Category: Web Developing
Good news, the team behind Web Inspector has pushed a new version that improves CSS editing capabilities.
The Web Inspector will now show all the declared properties, even the ones that are not understood by a web browser.
Color property values can now be shown exactly as they written in an inline style.
It now uses two separate fields for property name and value.
And best of them all: the history of style sheet. This means that you can now track all the CSS changes that were made during editing.
Overall, it’s a nice update and we hope to see CSS tracking implemented into other dev tools as well.
For even more details, visit the original post.
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After introducing the hardware acceleration feature for IE9, Microsoft wasn’t really shy to demonstrate its advantages over other web browsers.
Recently, company has launched a Framerate Fest web site, inviting web developers to create their own HTML5 demo (300×300).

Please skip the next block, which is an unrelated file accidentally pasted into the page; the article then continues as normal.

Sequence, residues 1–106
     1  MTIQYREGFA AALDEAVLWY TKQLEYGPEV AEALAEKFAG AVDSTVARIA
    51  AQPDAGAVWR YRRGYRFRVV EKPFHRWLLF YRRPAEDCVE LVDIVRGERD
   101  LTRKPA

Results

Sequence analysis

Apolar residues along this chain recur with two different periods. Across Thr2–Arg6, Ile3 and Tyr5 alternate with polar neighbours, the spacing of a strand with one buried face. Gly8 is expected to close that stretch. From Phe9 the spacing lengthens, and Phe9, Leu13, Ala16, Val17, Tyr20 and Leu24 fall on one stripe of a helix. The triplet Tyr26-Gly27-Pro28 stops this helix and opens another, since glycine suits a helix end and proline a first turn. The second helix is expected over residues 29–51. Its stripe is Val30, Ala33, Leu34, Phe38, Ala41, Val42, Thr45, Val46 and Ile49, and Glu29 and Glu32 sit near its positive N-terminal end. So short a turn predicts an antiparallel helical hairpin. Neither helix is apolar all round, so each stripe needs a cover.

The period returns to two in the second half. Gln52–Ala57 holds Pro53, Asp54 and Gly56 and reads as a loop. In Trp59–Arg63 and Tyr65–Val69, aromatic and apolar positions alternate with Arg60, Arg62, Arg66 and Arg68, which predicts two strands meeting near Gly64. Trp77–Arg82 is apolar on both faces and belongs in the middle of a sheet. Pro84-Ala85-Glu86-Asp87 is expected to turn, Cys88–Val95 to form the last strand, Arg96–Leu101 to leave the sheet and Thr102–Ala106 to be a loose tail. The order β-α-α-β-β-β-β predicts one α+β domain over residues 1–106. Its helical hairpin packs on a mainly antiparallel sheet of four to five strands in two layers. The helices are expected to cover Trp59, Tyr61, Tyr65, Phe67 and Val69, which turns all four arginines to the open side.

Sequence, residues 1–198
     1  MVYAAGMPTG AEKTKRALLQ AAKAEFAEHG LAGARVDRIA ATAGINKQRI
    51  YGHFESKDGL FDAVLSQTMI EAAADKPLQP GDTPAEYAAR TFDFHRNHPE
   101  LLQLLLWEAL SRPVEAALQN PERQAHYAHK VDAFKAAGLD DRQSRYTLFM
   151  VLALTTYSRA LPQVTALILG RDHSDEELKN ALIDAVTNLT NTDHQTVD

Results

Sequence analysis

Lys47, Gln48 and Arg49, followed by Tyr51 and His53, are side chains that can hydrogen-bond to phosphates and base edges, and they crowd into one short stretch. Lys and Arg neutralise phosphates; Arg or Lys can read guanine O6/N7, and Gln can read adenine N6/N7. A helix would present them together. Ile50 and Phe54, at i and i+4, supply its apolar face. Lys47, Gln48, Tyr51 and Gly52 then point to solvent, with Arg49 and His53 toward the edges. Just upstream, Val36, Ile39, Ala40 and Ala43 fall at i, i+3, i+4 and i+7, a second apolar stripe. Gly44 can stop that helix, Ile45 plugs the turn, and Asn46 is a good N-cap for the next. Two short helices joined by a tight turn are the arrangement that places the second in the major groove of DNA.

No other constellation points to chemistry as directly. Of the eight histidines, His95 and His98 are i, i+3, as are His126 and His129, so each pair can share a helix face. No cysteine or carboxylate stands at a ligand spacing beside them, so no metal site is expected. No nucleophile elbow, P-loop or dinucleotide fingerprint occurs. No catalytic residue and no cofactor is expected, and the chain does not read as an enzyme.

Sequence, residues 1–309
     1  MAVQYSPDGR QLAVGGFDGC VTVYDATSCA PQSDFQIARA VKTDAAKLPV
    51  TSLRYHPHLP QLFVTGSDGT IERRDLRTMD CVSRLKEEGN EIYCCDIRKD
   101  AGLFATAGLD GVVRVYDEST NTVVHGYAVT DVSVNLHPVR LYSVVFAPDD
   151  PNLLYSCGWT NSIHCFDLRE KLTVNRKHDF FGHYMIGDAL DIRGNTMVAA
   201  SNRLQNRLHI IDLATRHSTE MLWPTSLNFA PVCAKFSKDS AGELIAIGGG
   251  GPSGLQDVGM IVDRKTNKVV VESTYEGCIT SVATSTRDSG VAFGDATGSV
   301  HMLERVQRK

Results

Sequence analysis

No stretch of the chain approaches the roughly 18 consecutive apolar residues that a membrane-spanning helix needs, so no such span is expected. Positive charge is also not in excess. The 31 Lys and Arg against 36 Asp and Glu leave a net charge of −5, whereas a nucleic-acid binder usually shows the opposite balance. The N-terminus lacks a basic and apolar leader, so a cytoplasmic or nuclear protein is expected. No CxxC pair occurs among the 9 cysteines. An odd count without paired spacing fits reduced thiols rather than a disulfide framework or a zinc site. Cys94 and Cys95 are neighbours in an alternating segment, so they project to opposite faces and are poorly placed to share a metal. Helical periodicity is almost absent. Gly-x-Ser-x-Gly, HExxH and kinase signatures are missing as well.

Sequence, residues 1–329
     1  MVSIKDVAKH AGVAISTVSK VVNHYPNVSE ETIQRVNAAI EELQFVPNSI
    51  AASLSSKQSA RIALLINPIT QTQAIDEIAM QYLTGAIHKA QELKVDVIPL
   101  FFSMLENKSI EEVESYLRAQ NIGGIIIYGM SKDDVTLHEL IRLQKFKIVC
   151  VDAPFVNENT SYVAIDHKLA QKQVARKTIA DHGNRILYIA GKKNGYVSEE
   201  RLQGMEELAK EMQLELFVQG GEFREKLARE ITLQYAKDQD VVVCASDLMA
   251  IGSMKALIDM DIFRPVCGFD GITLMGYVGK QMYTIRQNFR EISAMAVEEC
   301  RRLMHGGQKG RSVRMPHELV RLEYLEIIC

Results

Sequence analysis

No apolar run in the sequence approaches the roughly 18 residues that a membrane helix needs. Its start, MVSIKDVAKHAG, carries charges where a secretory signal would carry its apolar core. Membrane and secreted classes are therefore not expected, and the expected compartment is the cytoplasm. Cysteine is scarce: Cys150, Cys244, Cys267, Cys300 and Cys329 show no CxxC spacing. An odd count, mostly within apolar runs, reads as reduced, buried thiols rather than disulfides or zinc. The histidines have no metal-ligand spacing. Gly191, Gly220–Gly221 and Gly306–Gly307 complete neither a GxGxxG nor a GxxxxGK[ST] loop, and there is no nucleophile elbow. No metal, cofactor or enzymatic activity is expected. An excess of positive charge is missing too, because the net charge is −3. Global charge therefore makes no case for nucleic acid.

There have been only few entries so far (see official site) and submissions are open until the 25th of March.
One lucky winner will receive a brand new Xbox 360 with Kinect and some merchandise.
Technical Guidelines (.pdf)
If you’ve been using Arial Narrow, Arial Black or similar fonts and they are not recognized in Firefox web browser while styling UL LI listings; here are a few ways to fix it:
- If you are not a web developer:
Tools > Options > Advanced > General Tab
Uncheck “Use hardware acceleration when available”
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If you see a color difference in Internet Explorer (when compared to other browsers, such as: Firefox, Google Chrome, Safari, Opera, etc.), then here your reason:
In case those are PNG images, Adobe Photoshop stores gamma data inside them which is causing image colors to differ in IE7.
How to solve it?
Back in January, Google has announced its plans to remove H.264 codec from the Chrome web browser.
Well, Microsoft has decided to spice some things up and announced the availability of “Windows Media Player HTML5 Extension for Chrome” (Windows 7 only).
In addition, Dean Hachamovitch the Corporate Vice President of Internet Explorer has posted a a lengthy, explaining the current industry situation and expressing his concerns about WebM (just like Google did with H.264).
To sum it up: Microsoft is fully behind H.264 and sees no reason to drop it.
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During the CES, one of the audience members has asked Microsoft’s Dean…